On Michaelmas Day this autumn, it will be 450 years since William Cardinal Allen founded a College at Douai in the Flanders, staffed by refugee scholars from Oxford and dedicated to the training of priests for the English Mission. I imagine there will be celebrations to commemorate this signifant occasion; we who were the "First Wave" of former Anglican clergy destined to the Ordinariate met for fellowship, fine food, and lectures in the London seminary called Allen Hall, and remember our meetings there with immense pleasure. I hope this means that we count in some little way as part of the Family of Cardinal Allen, because the professors and students of the College he established at Douai were compelled, at the time of the French Revolution, to flee the Continent and, after vicissitudes, some of them ended up on the site of S Thomas More's Chelsea house ... fittingly now called Allen Hall. And I, for one, deemed and deem it an enormous privilege to be grafted into Cardinal Allen's heritage and to honour the Martyrs who are proudly named on the walls of the refectory.
However, some of the students from the Douai foundation, whose families were Northerners, ended up not near London but near Durham and founded a great seminary there called Ushaw. I expect many readers will have watched the black-and-white video of High Mass in the Chapel there in 1960. There were only 400 students in the congregation for that Mass, a couple of years before the Council. 400 is not much to write home about, is it? Just 400! What a mercy the great renewal promised by the Council was only just around the corner ...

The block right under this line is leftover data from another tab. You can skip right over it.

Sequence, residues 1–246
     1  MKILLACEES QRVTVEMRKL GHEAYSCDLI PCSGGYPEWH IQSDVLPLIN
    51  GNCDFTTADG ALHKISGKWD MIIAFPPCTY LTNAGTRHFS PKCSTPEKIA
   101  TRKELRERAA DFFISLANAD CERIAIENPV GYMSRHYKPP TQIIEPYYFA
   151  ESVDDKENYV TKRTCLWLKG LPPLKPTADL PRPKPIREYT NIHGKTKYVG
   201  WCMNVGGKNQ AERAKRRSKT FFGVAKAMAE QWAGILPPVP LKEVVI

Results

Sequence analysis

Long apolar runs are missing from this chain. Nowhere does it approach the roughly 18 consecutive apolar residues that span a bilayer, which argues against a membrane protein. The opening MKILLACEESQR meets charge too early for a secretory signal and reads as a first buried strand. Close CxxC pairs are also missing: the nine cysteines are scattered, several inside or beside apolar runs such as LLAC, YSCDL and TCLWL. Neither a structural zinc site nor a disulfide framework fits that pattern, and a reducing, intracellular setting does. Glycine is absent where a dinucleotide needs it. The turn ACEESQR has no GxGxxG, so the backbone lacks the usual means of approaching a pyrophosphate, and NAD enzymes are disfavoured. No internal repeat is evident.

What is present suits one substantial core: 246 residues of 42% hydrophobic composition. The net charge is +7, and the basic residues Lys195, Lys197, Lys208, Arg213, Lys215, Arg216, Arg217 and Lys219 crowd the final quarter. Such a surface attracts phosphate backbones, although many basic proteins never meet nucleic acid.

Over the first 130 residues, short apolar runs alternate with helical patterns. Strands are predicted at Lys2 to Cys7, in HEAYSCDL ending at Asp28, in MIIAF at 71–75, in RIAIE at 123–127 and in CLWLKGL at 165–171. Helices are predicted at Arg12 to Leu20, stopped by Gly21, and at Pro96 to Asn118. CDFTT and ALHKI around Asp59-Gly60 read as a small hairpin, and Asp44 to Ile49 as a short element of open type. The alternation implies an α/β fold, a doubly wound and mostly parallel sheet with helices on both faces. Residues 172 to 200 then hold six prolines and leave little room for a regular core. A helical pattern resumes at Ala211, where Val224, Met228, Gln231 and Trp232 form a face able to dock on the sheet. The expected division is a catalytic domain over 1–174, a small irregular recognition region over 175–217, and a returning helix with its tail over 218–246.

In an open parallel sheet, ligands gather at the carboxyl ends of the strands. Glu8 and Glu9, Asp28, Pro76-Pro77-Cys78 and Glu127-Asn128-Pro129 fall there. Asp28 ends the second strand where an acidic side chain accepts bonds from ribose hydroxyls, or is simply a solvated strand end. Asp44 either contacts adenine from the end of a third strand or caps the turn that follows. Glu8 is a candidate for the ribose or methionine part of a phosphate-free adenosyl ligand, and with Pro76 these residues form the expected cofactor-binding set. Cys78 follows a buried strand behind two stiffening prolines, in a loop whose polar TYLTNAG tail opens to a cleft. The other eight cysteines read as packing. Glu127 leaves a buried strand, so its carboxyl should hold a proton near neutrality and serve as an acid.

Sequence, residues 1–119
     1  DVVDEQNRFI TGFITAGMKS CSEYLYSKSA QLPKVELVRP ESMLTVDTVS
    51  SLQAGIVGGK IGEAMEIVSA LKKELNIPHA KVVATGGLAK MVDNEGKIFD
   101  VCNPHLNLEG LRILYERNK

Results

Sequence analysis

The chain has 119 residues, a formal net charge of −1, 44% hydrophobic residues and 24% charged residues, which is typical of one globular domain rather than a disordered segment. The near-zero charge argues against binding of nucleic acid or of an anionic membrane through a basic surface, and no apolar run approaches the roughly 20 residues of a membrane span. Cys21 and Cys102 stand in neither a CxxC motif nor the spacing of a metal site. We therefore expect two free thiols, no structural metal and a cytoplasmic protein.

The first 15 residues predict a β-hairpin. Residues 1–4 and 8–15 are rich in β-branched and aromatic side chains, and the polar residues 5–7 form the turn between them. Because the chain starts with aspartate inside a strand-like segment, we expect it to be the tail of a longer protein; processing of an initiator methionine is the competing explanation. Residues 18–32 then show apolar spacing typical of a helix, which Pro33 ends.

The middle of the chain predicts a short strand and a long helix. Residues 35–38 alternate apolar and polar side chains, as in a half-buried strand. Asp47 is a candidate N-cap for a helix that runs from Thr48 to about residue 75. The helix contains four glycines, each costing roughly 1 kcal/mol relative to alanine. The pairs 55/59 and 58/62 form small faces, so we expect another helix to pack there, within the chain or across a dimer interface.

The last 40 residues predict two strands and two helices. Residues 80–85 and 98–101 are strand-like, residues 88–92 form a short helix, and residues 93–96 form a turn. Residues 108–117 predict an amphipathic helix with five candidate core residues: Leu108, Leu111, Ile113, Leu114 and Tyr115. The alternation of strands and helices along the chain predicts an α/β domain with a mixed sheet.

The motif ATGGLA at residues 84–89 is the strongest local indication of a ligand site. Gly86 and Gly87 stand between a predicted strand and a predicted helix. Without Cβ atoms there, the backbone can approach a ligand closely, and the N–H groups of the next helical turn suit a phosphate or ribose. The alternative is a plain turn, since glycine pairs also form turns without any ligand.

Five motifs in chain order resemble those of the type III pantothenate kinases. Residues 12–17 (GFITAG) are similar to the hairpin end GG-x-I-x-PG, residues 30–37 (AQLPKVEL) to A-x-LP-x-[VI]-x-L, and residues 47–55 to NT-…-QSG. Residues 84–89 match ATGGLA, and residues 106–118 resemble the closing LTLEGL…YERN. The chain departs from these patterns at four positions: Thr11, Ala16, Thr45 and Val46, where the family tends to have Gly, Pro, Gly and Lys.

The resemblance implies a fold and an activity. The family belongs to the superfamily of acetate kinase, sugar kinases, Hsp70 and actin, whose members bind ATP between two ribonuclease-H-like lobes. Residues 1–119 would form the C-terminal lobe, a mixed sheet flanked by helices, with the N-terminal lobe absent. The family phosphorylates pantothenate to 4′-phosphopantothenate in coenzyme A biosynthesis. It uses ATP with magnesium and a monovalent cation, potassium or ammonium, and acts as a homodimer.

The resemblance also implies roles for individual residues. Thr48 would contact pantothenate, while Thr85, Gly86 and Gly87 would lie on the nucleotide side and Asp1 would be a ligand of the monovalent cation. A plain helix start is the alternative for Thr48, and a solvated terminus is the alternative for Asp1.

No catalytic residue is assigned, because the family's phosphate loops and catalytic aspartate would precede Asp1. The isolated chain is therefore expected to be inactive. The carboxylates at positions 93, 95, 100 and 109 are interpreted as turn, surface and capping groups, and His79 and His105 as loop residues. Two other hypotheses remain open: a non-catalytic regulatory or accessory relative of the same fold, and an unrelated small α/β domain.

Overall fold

Sixty or so years after that High Mass was filmed, Ushaw finally closed down, needless to say, for lack of vocations. And, within a decade of 1960, that Extraordinary Form of worship was forbidden (not legally but de facto; we had to wait for the pontificate of Benedict XVI to be told that, legally, the Rite had not been and, theologically, could not be abolished and that the violent discontinuities of the post-Conciliar period were illegal; 'Establishment' violence; vis sine lege; ambitious episcopal bully-boys roaming the world pillaging and destroying).
1960: by 1970 many of those 400 students had, probably, lost their sense of vocation; those who remained were seduced or cajoled or forced to celebrate a deformed form of the Rite. How many of them, I wonder, abandoned the Sacred Priesthood in the decades that followed. The Smoke of Satan entered into Ushaw to such powerful effect that it smoked the seminarians out of the place.